Pro tip: Taking a fabulous selfie starts with investing in yourself. A tripod and a Bluetooth remote shutter will get rid of any limitations for shooting your selfies. Plus, it will look like you had someone else take it (ex: people actually thought my husband took all my mug selfies and were stunned to find out what the magic of a tripod and remote shutter could do).
This component can make or break your selfie. It’s the difference between an average image and a breathtaking portrait. Framing is all about WHERE you are within the actual photo (not your physical location outside of it). When most people take a selfie, they place themselves right in the center of the frame. However, again, I want to empower you to try exploring different framing placements (i.e., close + off-centre, right side + further away from the camera, etc).
One of the biggest inspirations for my photography, in general, is film and television. I come from an acting background and studied film in college, so my brain is pretty much hardwired to see images not as solo components, but as part of an overarching story or scene. When it comes to framing, in particular, I look no further than the director of one of my favorite shows: Mr. Robot’s Sam Esmail. He isn’t afraid to take chances, such as placing the camera on the ceiling near columns (off-center), with a character just peeking out from between the columns, where we get a glimpse of an emotional moment meant only for the audience’s’ eyes. This show is visually unique and definitely inspires me to push out of my comfort zone.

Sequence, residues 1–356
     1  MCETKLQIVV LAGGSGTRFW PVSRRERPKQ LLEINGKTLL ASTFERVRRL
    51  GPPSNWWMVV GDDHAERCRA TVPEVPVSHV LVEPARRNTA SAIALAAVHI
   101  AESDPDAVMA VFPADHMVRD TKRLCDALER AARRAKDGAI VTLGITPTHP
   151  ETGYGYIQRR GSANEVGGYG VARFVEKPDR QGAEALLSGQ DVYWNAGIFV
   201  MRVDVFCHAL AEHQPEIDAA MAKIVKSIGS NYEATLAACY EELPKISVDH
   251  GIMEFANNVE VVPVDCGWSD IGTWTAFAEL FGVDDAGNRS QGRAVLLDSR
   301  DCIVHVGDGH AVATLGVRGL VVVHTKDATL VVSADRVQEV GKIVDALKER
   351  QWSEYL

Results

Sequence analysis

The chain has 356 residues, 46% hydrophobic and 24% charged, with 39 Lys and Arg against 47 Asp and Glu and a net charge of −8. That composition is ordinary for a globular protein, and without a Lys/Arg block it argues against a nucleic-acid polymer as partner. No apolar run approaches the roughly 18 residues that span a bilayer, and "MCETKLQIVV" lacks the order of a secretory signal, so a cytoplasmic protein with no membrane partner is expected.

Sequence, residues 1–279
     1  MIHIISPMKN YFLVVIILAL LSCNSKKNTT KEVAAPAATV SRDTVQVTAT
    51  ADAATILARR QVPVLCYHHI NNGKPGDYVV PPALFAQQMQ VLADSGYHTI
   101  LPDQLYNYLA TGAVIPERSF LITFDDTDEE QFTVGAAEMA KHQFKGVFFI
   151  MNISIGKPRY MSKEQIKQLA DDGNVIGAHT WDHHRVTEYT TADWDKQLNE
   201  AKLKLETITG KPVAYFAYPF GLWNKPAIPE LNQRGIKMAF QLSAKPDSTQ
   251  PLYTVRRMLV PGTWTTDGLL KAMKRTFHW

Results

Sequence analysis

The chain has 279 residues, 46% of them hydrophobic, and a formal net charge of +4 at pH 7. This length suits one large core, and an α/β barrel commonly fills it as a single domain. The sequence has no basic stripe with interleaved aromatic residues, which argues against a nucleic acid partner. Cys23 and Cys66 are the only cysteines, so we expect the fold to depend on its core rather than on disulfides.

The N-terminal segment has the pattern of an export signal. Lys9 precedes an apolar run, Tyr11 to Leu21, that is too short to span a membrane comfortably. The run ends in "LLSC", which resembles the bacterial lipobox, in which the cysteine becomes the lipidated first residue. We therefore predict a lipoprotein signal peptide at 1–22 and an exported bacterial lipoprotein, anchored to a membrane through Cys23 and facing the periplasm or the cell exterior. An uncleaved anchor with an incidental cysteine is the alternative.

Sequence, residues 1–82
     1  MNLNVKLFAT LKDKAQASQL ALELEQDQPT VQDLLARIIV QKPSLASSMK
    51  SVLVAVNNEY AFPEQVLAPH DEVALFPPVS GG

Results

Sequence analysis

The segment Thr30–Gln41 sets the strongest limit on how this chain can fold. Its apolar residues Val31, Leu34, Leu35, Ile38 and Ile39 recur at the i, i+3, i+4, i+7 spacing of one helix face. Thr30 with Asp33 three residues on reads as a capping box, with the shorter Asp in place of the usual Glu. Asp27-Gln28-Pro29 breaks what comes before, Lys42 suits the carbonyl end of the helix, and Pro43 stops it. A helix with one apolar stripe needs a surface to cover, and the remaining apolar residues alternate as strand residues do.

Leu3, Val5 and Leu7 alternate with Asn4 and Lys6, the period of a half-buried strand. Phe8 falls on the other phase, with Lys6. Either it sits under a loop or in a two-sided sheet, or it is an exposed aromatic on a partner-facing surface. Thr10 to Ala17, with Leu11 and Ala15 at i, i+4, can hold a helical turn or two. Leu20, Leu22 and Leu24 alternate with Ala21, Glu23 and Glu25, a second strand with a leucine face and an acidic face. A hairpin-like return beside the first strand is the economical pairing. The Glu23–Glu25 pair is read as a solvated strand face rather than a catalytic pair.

Pro tip: Give yourself permission to be different. I know the default on social media is to present a clean-cut image, but what that ends up doing is killing our creativity and pigeonholing folks into creating content that lacks a unique perspective. It’s your profile, isn’t it? Why let the pressures of a patriarchal society dictate what you post on your own profile? Isn’t that why we became entrepreneurs in the first place? To become our own bosses, the freedom and joy knowing that we answer to no one but ourselves?
It’s a limiting belief that you need to be a model or have the perfect body in order to “nail” certain poses. You can pull off any pose you want simply because you desire to do so. The type of pose you use depends entirely on what type of story you’re trying to convey through your image. Remember, self-portraits don’t just have to be about showing off your outfit or makeup. They can be about showcasing how you feel or what you’re thinking in that moment as well. Again, don’t be afraid to push yourself (and get a little weird).
The most important thing overall is making sure you’re comfortable, of course—but that doesn’t necessarily mean physically. To be perfectly honest, posing can actually be painful, especially when you’ve got to continuously hold it for a few moments in order to take the photo. But remember, you get to decide what works and doesn’t work for you.